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Formaldehyde Standards for Composite Wood Products Act Passes Both Houses

06/28/10

Source: SOCMA
Related Topics: Toxic Substances Control Act (TSCA)

This bill would amend the Toxic Substances Control Act (TSCA) to make the formaldehyde emission standard contained in the California Code of Regulations (relating to an airborne toxic control measure to reduce formaldehyde emissions from composite wood products, as in effect on July 28, 2009) applicable to hardwood plywood, medium-density fiberboard, and particleboard sold, supplied, offered for sale, or manufactured in the United States, with listed exemptions, including for hardboard, structural plywood, wood packaging, and composite wood products used inside new vehicles, rail cars, boats, aerospace craft, or aircraft.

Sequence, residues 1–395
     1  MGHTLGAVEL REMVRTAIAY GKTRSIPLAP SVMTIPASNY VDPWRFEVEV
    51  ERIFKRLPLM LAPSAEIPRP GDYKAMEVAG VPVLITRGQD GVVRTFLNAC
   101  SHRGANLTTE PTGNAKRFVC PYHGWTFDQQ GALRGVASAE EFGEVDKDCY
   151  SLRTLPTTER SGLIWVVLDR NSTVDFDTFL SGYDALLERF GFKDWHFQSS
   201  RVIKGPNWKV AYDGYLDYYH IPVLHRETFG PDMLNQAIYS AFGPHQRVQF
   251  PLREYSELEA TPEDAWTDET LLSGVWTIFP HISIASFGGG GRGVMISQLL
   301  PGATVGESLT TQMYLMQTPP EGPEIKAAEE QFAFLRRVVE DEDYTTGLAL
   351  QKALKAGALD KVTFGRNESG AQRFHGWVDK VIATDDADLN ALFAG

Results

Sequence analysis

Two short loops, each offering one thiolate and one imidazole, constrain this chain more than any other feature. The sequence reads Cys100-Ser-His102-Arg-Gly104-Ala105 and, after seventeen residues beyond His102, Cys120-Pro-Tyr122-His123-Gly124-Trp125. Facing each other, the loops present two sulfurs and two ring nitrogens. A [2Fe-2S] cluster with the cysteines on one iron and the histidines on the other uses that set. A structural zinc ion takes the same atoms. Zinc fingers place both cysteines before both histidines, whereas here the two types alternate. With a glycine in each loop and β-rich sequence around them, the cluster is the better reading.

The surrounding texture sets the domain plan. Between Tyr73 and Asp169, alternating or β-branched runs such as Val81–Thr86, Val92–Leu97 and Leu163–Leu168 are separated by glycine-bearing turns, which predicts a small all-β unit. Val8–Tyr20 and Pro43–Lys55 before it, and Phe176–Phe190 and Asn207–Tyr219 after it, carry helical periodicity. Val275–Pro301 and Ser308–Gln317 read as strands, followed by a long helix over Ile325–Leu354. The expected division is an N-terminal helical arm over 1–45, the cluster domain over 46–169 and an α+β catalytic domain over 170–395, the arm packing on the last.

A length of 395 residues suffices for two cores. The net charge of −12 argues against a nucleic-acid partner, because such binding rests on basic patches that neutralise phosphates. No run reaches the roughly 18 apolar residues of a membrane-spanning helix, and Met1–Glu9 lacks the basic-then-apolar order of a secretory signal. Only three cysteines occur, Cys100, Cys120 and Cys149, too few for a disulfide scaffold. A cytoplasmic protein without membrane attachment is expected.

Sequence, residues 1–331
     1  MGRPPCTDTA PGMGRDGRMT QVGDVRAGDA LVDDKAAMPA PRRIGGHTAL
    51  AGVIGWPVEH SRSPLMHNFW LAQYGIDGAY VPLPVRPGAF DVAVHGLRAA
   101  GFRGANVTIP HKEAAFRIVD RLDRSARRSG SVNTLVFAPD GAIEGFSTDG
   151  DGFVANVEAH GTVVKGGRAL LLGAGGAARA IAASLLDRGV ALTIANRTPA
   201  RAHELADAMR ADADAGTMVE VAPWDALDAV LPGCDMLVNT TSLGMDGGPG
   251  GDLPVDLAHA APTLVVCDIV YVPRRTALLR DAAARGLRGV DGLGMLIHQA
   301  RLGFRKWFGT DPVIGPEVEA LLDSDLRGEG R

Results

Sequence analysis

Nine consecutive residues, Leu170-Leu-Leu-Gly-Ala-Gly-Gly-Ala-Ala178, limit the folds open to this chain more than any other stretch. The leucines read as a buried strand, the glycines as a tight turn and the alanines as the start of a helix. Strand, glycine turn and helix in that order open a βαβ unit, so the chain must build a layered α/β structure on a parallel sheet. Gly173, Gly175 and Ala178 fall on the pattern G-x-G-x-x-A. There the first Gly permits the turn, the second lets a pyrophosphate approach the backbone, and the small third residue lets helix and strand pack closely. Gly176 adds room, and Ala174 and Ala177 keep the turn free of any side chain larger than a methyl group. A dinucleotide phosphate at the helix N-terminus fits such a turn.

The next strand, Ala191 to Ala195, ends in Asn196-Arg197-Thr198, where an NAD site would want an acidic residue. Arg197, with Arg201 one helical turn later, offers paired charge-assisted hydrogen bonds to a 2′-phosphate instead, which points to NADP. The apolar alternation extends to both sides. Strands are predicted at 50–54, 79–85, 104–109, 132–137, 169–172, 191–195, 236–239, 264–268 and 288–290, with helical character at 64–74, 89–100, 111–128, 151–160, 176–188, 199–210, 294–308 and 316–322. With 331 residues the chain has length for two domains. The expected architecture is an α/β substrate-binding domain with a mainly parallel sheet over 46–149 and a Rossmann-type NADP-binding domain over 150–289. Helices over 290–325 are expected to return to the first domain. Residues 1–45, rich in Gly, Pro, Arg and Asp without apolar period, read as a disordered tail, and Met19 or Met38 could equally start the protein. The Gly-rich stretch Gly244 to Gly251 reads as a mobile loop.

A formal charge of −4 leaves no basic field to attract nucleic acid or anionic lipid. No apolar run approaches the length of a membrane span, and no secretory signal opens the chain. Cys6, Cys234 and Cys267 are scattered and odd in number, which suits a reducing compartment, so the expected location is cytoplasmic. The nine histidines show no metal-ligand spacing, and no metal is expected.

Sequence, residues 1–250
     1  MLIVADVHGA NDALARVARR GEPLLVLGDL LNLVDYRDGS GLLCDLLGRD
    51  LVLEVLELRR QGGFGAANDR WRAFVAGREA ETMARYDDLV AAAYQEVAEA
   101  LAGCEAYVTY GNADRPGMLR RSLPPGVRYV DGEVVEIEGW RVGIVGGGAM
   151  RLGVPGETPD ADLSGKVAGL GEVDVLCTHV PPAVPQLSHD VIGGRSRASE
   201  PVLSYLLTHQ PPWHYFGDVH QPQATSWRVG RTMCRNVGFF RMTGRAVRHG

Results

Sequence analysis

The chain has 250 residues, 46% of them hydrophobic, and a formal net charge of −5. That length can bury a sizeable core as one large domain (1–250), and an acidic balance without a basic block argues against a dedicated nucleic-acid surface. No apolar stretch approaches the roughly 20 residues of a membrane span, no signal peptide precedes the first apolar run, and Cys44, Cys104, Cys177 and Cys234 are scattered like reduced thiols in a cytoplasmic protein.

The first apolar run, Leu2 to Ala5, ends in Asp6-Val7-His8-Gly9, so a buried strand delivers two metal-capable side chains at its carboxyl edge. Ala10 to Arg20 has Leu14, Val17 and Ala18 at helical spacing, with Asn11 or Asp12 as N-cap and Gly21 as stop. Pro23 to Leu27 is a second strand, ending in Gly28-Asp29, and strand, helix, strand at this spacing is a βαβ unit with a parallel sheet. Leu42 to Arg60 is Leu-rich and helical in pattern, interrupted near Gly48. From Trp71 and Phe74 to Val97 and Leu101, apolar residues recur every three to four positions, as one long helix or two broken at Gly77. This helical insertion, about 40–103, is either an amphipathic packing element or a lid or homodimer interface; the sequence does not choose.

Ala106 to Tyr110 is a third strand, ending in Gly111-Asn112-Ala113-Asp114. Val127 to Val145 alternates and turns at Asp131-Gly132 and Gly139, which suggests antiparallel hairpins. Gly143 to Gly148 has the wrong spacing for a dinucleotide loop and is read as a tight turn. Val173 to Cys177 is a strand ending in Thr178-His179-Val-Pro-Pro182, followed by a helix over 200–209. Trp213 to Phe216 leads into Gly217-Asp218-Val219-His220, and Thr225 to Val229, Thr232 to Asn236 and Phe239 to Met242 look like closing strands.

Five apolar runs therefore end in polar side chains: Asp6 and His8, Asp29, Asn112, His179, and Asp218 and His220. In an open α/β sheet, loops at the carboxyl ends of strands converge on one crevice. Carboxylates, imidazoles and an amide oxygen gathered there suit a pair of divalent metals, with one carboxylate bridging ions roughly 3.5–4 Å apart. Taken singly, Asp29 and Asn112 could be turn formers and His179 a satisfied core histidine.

Directs the Administrator of the Environmental Protection Agency (EPA) to promulgate implementing regulations that ensure compliance equivalent to compliance with the California standard, including its provisions relating to labeling, chain of custody requirements, sell-through provisions, ultra low-emitting formaldehyde resins, no-added formaldehyde-based resins, finished goods, third-party testing and certification, auditing and reporting of third-party certifiers, recordkeeping, and enforcement.

Requires the Administrator, by July 1, 2011, in coordination with the Commissioner of Customs and Border Protection (CBP) and other appropriate federal agencies, to revise regulations promulgated under TSCA concerning import certification of any chemical substance, mixture, or article containing a chemical substance or mixture as necessary to ensure compliance with this Act. Authorizes the Administrator to modify any reference to an industry formaldehyde emission standard that is subsequently updated.

Provides that an individual or entity that violates any requirement under this Act shall be considered to have committed a prohibited act under TSCA.

Having passed in identical form in both the House and Senate, this bill now awaits the signature of the President before becoming law.







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